While I do appreciate a big budget American action film from time to time, they rarely manage to break into my list of favorites. The main exceptions seem to come from a series of films that were released in the mid/late 00s, a period when commercial (Hollywood) cinema was allowed to be a little edgier. Wayne Kramer's Running Scared was one of those films, a surprise hit that I ended up liking a lot. I wasn't really sure what to expect nearly 15 years later though, so I started the film with some hefty reservations. Turns out there was no need to worry.
Running Scared can be grouped with features like Domino, Shoot 'em Up and Smokin' Aces. Bold, macho and high octane action films that are all style over substance and care more about how the story is told, rather than what is told. It's a clear choice that is sure to divide a room, but what these films all have in common is that their directors were fully committed to the path they chose. If all this showy and in your face attention hogging isn't your thing, it's probably best to just skip this film altogether.
Don't expect a full-blown action spectacle though, Running Scared throws plenty of crime and mystery elements into the mix. That adds a little extra tension and makes the plot a bit more engaging, but if you're a stubborn plot whore I'm sure it still won't be sufficient. And while that means there's less gun cocking, rubber burning and punch throwing compared to your average action flick, the cinematographer doesn't seem to give a damn and shoots every single scene as if filming something immensely high-energy. The effect is a bit odd at times, but I liked it a lot.
The story revolves around a shady deal gone wrong. Joey is entrusted with a gun that killed some crooked cops and is ordered to get rid of it, but when the neighbor's kid finds the gun and kills his abusive dad with it, the shit hits the fan. Joey storms out and goes on a wild goose chase to find the kid, but he's not the only one who is after the boy. The mafia (both Russian and Italian) and the cops are also on the kid's tail and to make matters worse, the gun keeps changing owners. It's a solid setup and there are a few creative twists, but it's nothing exceptional.
The cinematography is where Running Scared shines brightest. Some very cool camera tricks, a very agile camera and lots of post-production finish make this an attractive-looking film. That is, if you can stand this kind of visual bravura. People who just want to follow the plot will no doubt be distracted by the nervous camera work and abundance of visual stimuli, others will see it as the perfect extension of the mental state of our protagonist. Kramer also doesn't slow things down after the halfway point and keeps the visual intensity high, which is very much appreciated. It's not quite as intense as some other films (i.e. Tony Scott's), but it's well above the norm.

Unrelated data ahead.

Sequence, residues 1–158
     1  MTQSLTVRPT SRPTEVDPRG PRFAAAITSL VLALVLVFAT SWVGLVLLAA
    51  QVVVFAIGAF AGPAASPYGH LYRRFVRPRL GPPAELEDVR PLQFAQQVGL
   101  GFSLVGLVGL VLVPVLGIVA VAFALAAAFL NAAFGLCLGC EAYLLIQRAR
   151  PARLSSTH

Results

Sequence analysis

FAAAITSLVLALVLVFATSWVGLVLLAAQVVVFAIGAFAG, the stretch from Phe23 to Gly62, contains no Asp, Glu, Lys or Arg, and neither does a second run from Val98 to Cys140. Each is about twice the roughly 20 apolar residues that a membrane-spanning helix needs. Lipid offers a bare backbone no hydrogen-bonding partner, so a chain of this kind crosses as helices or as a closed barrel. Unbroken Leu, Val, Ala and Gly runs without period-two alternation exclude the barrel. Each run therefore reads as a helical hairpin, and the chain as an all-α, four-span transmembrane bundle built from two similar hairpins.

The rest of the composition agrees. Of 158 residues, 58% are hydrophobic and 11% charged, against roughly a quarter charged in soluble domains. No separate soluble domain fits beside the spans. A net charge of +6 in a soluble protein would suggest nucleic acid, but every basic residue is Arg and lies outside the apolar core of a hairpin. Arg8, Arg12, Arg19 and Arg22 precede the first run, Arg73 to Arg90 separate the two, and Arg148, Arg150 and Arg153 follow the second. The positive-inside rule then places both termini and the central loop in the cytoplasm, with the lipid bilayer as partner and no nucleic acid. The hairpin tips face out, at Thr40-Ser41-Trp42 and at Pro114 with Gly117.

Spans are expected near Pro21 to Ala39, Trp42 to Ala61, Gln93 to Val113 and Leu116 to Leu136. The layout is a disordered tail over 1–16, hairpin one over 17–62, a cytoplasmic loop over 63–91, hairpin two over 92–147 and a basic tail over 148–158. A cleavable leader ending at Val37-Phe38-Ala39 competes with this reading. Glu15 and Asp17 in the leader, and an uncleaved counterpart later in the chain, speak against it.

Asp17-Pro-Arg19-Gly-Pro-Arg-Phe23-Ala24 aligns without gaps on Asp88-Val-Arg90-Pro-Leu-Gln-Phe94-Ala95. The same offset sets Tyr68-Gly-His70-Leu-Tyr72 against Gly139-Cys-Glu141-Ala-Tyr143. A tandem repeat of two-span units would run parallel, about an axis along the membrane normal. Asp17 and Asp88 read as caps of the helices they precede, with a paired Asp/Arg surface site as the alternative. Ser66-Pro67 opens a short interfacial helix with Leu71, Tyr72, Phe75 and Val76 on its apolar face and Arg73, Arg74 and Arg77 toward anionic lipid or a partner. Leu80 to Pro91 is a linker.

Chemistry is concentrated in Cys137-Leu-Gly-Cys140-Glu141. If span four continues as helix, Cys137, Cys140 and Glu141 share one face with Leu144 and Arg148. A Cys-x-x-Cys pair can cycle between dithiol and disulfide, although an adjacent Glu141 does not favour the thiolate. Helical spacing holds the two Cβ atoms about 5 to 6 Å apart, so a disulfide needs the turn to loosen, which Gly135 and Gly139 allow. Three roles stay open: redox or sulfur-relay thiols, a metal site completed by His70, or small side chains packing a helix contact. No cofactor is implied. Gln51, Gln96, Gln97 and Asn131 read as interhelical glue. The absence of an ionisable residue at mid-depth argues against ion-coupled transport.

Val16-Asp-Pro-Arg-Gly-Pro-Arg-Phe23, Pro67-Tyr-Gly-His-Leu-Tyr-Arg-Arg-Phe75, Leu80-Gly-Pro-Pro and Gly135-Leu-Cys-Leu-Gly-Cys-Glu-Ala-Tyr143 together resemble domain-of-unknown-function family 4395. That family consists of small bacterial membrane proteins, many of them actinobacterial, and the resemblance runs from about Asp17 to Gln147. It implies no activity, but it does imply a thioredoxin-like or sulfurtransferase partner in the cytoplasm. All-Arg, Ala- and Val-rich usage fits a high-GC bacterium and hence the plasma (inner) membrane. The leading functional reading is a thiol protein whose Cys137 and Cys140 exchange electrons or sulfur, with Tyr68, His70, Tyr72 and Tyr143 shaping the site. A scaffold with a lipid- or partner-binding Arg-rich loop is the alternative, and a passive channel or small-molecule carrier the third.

The soundtrack is not so interesting though. It's mostly generic-sounding music, used to drive up the tension while making sure there's some background noise present at all times. Apart from that the impact is rather minimal. It's somewhat of a missed opportunity, as I firmly believe every film benefits from a good selection of tracks, on the other hand a film like this rarely leans on its soundtrack and it's not like the music is irritating. At least the sound effects are more than decent, providing plenty of oomph when needed.
Performances are fine, with Paul Walker doing a pretty solid job as the lead. That said, a young Cameron Bright outshines him playing the kid next door, which is probably a good indication of the overall level of acting you can expect here. No stand-out performances or career-making roles, just solid acting across the board. Secondary roles are also on point, with Vera Farmiga and Chazz Palminteri as most notable examples, but again nothing too spectacular.
After a short introduction that puts all the pawns in the right places, the rest of the film is basically one big chase scene with Joey and a handful of other interested parties trying their best to get to the gun. The film throws a series of tricky obstacles their way, which provide ample distraction before the finale kicks off. I feel that Kramer could've scrapped a thing or two to make the film just a little shorter, but ultimately it never gets dull and the film kept me entertained from start to finish, so that's a job well done there.
Running Scared is a film that will appeal to people with a soft spot for action cinema and a high tolerance to visual trickery. It's not the most unique or most outstanding film, but what it does, it does exceptionally well. It's a high-energy, tense and brash action/crime flick that has a few neat surprises up its sleeve, but is mostly geared at offering the best genre experience possible. Can't really vouch for Kramer's other films, but this one is worth checking out if you're in for some flashy action/crime cinema.